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Volume 1374
Colour Adaptations of the
MGM Tarzan Films
COOP Chocolate Cards Series
Published in Belgium in French and Dutch
From the Ron de Laat Collection


From the BLB Adaptation: ERBzine 0616
For more than a year Jane and Tarzan lived happily with Chita in their treetop home. Jane learned to know and to love the animals and to speak their language. She fashioned dresses of soft skin to match Tarzan's leopard skin clothing. She taught Tarzan to speak a few words of her language. Together they swam in the shaded streams, raced along the trails and swayed in the branches of the trees.

Then, one day when they were returning home from a hunting trip, they heard the strange sound of gunfire and the growl of battling gorillas. Quickly Tarzan swung through the trees until he looked down upon a long safari of natives led by two white men, fighting an army of maddened gorillas.

Tarzan's cry rang above the noise of the battle. The guns were silenced and the gorillas stood motionless. Tarzan dropped rapidly to the ground. Sternly he ordered the animals back into the jungle and walked forward to meet the white men.

"Tarzan," cried one, rushing toward him, "Don't you remember me. I'm Holt. Harry Holt."

"Holt," Tarzan repeated, smiling, "Holt."

"And this is Martin, my friend," Holt explained.

"Martin-my friend," Tarzan repeated slowly. "Holt. Tarzan. Martin-my friend," he continued, pointing to each one in turn.

The three men looked upward as the leaves parted and Jane appeared on a low branch above their heads. Tarzan held his arms and the girl slipped down into them.

"Jane," Holt cried.

"Harry," she exclaimed in glad surprise. "Is it really you?"

Holt introduced "Martin-my friend" and the three chatted gaily as they walked to the camp of the safari with Tarzan stepping silently at Jane's side.

"Aren't you homesick, Jane?" Holt asked when they were sitting before the fire.

"Not a bit," the girl answered proudly, "I love Tarzan and I'm happy. I never want to go back to the other world. I guess that I belong to Tarzan and his jungle."

Then Holt told her that he had come back with Martin and the huge safari to find again the Burial Ground of the Elephants and to carry away the ivory.

"Tarzan is our only hope of finding the way," he said. "You will persuade him to take us there, won't you Jane?"

Jane promised. As they talked, Tarzan arose and quietly slipped away into the jungle.

"He has gone to build a house for us in the trees," Jane smiled. "We always have our little sky mansions wherever we go."

"And we have a brought a surprise for you Jane," Holt said. He pointed to a trunk standing beside his tent. Slowly Jane opened it and gasped at what she saw. There were lovely dresses, perfumes, powders, all the things which she had not seen for so long a time.

Holt persuaded her to go into the tent and put on one of the dresses. When she came back, wearing a trailing evening gown, Holt turned on a portable phonograph and Jane danced with Martin to its melodies.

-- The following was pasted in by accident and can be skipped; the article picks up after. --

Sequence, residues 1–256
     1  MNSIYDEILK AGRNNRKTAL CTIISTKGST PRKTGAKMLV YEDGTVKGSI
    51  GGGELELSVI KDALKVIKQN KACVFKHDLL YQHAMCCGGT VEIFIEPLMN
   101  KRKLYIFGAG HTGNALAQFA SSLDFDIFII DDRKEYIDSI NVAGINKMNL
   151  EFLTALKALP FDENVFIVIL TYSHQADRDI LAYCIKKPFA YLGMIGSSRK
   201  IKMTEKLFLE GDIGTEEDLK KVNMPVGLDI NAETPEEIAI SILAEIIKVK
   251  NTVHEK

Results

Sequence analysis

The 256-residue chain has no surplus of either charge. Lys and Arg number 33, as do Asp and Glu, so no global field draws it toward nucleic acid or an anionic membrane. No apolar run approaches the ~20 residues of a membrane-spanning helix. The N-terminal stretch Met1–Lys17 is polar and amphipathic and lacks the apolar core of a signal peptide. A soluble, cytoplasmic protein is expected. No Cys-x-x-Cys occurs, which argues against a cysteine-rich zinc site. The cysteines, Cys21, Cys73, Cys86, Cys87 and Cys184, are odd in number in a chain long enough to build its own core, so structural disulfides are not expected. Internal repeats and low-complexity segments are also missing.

"Doesn't this make you want to go back to England?" Martin asked.

"No," Jane answered, "I couldn't be happy away from Tarzan."

When Tarzan appeared noiselessly from the darkness, he stared with surprised fright at the phonograph. Suddenly he sprang upon it and slashed it with his knife. Jane, smiling, stopped him and explained to him that it was not a strange animal. Then he noticed her changed clothes and smelled the sweet odor of the perfume. With a smile he swung her up through the branches to the little house he had built high above the camp of the safari.

The next morning they started on their long, weary journey to the secret tomb of the elephants. Above the safari, in the treetops, travelled Tarzan and Jane to show the men the way. When Jane's lovely, trailing dress caught in the branches, she suddenly threw it away and put on her skin clothing. Tarzan smiled happily.

When they made camp that night the natives cut stout poles and tested them for strength under Martin's direction. Tarzan sat by the fire and watched with eyes which did not understand until Jane explained that the poles would carry the tusks of the dead elephants away from the Burial Ground.

"No," Tarzan said, "No!" He broke one of the poles in his steel-strong fingers and walked away from the camp.

"The elephants are Tarzan's friends," Jane explained to Holt and Martin, "I hadn't thought of that before. I know he will not like it if you disturb their resting place."

"But he must go with us, Jane," Holt pleaded. "We can't find the place without him. Please ask him to do it."

Tarzan refused to go on to the Burial Ground. Holt understood and was willing to turn back. But Martin insisted on pushing forward without Tarzan. As they talked, Saidi, their native gun-bearer, ran into camp to tell them that the elephants were grazing near by. Martin seized is gun and ordered the natives to follow him. He remembered Holt's story of the dying elephant which had led them to the Burial Ground.
Creeping through the bushes, followed by Holt, Martin came upon a peaceful scene, two grown elephants and a baby feeding beside a water hole. Before Holt could stop him, Martin fired, wounding one of the beasts. The injured elephant staggered into the jungle.

"Hurry, Saidi," Martin ordered. "Get the boys. We'll follow the trail. You brought me out here, Holt, with the promise of wealth in ivory. Are you  going with me or will you stay with Tarzan?"

"I'll go with you," Holt answered shortly.

As the two men started on the trail, Tarzan dropped from the trees in their path. Martin raised his gun. But Tarzan quickly grabbed it from his hand and broke it into two pieces. Then he seized Martin and held him above his head, poised to hurl him to the ground.

"Stop, Tarzan, please," Jane cried, running to his side.

Seeing her tears, Tarzan dropped the man to the ground. Martin scrambled to his feet and led the safari along the trail of the wounded elephant. Holt lingered for a minute, then followed Martin. The safari disappeared.
For many days Holt, Martin and the natives followed the wounded elephant until they stood, at last, in the hidden tomb. Their eyes glittered greedily at the sight of the piles of precious ivory. Martin ordered the weary natives to load the tusks on poles so they could be carried away.